[0044] Now, the read operation of information in the optical pickup shown in FIG. 1 will be described. The laser beam emitted from laser beam source 1 is transmitted through diffraction element 3 and optical compensation film 6 and thus converted into a circularly polarized light or an elliptically polarized light. Then, the laser beam is transmitted through collimator lens 7 and is reflected by reflection mirror 8 and thereafter reaches objective lens 5. When the laser beam passes through objective lens 5, the laser beam is condensed and reaches the signal surface of optical disk 9.

[0045] The laser beam that is reflected back on the signal surface of optical disk 9 once again becomes a parallel luminous flux via objective lens 5, and is reflected by reflection mirror 8, and thereafter, is transmitted through collimator lens 7. Then, the laser beam is transmitted through optical compensation film 6 and diffraction element 3 and is emitted to detecting portion 2. Thus, the information recorded on optical disk 9 can be read.

[0046] Moreover, although the above-described optical compensation film 6 may be used independently in the optical path from laser beam source 1 to objective lens 5, it is preferable to use optical compensation film 6 by attaching it to some other optical component. In this embodiment, for instance, optical compensation film 6 is provided to diffraction element 3 on the objective lens side.

[0047] As described above, by attaching optical compensation film 6 to some other optical component, increase in the number of components can be avoided, and a lower cost optical pickup can be realized.

[0048] In addition, the region for transmission of the laser beam is preferably small so as to limit the negative effect of the uneven surface of optical compensation film 6 as much as possible and to keep the wave front aberration small. Thus, the wave front aberration can be kept small by using optical compensation film 6 within integrated unit 4.

[0049] In the attempt to confirm the effect of the present invention, an RF (radio frequency) signal measurement was performed using a commercially available DVD-ROM disk. When optical compensation film 6 was inserted in the optical path, asymmetry improved from 10.6% to 6.0%, while jitter improved from 11.2% to 8.8%.

[0050] Second Embodiment

[0051] Now, the second embodiment of the present invention will be described using FIG. 2. FIG. 2 is a cross sectional view of an integrated unit 4 used in the optical pickup according to the second embodiment.

[0052] As shown in FIG. 2, integrated unit 4 includes a diffraction element 3 fixed to the main body of a laser with an ultraviolet-cured type adhesive 18.

[0053] Diffraction element 3 has an optical compensation film 6 inside. A transparent substrate 10 is disposed on optical compensation film 6, and a transparent substrate 11 is disposed underneath optical compensation film 6. In other words, optical compensation film 6 is held between transparent substrates 10 and 11.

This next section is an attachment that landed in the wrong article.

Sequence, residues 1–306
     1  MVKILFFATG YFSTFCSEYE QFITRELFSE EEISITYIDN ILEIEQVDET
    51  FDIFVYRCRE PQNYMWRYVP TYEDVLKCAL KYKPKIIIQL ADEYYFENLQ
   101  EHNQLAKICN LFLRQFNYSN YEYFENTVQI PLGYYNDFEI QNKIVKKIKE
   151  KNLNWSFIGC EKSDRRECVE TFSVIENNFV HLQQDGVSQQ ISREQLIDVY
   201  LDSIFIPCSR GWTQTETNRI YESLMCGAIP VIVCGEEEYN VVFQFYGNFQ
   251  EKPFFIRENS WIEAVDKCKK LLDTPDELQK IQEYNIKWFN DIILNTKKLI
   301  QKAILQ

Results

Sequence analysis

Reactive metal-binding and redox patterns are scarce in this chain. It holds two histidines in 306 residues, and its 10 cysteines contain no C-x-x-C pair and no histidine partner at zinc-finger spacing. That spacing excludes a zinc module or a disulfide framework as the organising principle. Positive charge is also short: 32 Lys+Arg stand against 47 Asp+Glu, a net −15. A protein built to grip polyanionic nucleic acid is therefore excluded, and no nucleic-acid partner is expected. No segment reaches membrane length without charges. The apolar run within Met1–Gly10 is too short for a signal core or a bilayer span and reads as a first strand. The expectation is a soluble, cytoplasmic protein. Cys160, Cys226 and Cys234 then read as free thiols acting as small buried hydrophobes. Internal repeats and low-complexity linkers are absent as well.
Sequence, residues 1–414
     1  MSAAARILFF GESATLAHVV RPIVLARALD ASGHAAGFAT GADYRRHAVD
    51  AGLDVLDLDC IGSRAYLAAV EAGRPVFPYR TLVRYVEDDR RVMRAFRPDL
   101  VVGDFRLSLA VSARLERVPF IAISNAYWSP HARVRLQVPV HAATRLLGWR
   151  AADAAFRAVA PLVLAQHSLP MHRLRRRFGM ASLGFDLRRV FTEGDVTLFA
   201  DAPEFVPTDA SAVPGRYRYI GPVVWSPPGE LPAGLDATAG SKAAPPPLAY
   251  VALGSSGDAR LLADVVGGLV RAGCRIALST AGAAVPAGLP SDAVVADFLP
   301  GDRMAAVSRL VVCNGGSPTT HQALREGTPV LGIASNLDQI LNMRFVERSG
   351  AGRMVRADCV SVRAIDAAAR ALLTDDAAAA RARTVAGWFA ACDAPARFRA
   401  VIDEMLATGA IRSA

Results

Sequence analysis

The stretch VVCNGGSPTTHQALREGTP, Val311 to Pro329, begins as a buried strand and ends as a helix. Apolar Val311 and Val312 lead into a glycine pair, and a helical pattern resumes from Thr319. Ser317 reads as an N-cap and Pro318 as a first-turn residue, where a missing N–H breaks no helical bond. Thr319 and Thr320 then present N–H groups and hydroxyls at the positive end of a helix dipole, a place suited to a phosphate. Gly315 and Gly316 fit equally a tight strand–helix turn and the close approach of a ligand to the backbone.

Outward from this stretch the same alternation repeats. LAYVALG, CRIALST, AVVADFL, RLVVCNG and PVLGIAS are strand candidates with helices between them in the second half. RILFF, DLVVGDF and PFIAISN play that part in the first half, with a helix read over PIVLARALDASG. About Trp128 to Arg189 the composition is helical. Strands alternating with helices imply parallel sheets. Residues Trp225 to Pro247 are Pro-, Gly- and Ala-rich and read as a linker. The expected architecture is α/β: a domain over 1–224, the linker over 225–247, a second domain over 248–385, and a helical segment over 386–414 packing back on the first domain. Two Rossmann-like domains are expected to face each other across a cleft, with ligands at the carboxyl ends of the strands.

[0054] An ultraviolet-cured type polymer member 13 is formed on a surface of transparent substrate 10 with a primer treated layer 14 provided therebetween, and an antireflection layer 15 is formed on polymer member 13. Similarly, primer treated layer 14, ultraviolet-cured type polymer member 13, and antireflection layer 15 are formed on the rear surface of transparent substrate 11.

[0055] Diffraction element 3 having the above-described structure is adhered to a seal cap (casing) 16 with ultraviolet-cured type adhesive 18. A cap glass 17 is attached to close the opening of seal cap 16. In addition, a laser beam source 1 and a detecting portion 2 are accommodated within seal cap 16.

[0056] As described above, by attaching optical compensation film 6 to diffraction element 3 and thereby integrating the two, the increase in the number of components can be prevented, while assembly adjustment becomes unnecessary.

[0057] Moreover, although the second embodiment describes the case in which optical compensation film 6 is provided within diffraction element 3, optical compensation film 6 may be attached to the top surface of diffraction element 3 as shown in FIG. 1 or to the rear surface of diffraction element 3.

[0058] Like the first embodiment, improvements in asymmetry and jitter were found when the RF signal measurement was performed with a similar DVD-ROM disk using a similar optical compensation film 6 in the same optical system as that of the first embodiment.

[0059] Third Embodiment

[0060] Now, a method of manufacturing a diffraction element 3, particularly in the case where an optical compensation film 6 is inserted in diffraction element 3, will be described with reference to FIG. 3. FIGS. 3A to 3F are cross sectional views showing first to sixth steps of the manufacturing process of diffraction element 3 according to the third embodiment.

[0061] First, as shown in FIG. 3A, an optical compensation film sheet 12 is disposed between transparent substrates 10 and 11. Then, as shown in FIG. 3B, optical compensation film sheet 12 is attached to transparent substrates 10 and 11.

[0062] Then, ultraviolet-cured type polymer members 13 are applied on the top surface of transparent substrate 10 and on the rear surface of transparent substrate 11. Pressure is applied from above and from below to ultraviolet-cured type polymer members 13 using stampers (masters) 19. Thus, as shown in FIG. 3D, ultraviolet-cured type polymer members 13 are formed according to the shape of the surfaces of stampers 19.